• If the device is purchased, maintained, repaired and managed by parents and students, it's going to be important to communicate often and well
  • How's your budget?
    • Unless you have planned fully for the changes of BYOD you might be blindsided by some upgrades or unexpected costs so make sure to ask these questions when you are visiting BYOD schools
There are terrific schools that have been BYOD for years, The Harker School in San Jose comes to mind for instance. Many people I respect have been writing about BYOD including William Stites who posted this blog post for Educational Collaborators early this year, Lisa Nielsen who wrote about debunking BYOD for T.H.E. Journal and a recent article in District Administrator starts with a quote from Lucy Gray who I respect very much - this entire article by the way is an important read. TheLaptop Institute which is highly recommended will have threads this summer in Memphis on BYOD.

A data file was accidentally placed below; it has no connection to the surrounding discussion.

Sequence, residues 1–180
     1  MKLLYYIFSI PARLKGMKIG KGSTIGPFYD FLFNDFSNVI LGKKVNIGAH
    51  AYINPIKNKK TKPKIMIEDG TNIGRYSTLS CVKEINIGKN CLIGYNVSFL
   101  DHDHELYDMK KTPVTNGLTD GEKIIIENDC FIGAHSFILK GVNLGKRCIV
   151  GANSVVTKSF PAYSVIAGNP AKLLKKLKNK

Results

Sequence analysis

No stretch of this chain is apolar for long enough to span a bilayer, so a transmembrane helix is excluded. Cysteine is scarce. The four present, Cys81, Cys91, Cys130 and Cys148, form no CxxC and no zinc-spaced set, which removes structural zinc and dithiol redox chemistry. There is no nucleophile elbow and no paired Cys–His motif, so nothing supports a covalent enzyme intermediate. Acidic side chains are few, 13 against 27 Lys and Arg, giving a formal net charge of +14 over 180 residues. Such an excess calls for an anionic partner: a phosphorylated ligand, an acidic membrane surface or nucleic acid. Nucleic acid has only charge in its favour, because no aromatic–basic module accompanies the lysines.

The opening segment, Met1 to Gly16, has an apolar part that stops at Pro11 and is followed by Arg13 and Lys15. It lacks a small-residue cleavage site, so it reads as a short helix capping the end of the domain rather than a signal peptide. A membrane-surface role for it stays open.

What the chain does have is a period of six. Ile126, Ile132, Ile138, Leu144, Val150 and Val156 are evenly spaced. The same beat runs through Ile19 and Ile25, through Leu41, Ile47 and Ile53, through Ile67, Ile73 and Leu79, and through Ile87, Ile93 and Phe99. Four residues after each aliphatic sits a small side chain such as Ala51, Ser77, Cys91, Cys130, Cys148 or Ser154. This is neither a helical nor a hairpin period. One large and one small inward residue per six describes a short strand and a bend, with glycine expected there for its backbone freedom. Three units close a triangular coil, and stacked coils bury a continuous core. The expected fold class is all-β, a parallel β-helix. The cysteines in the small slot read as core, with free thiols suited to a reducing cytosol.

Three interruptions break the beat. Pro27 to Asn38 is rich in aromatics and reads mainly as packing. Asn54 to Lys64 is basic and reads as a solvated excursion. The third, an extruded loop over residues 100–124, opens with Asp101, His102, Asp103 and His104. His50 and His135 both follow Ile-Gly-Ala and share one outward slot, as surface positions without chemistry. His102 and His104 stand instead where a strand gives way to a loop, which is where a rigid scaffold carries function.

BYOD can be a solution if you do your planning and homework and try to figure out up front exactly what you're getting into and plan carefully. You'll want to be ready to rethink your network as not being about enabling a few models of specific controllable devices but instead as a pathway to the cloud where your school/district-wide learning community resides.
Related posts:
  1. 1:1 questions to consider 
For more ideas about thinking outside the ban and harnessing the power of student-owned devices for learning check out Teaching Generation Text: Using Cell Phones to Enhance Learning.


  1. There is ZERO that I did with kids or teachers over the past school year that could be accomplished with a phone. Sorry. Wrong answer!

    Why are so many "educators" so determined to cheat my students (and yours) out of computers and the power they bring?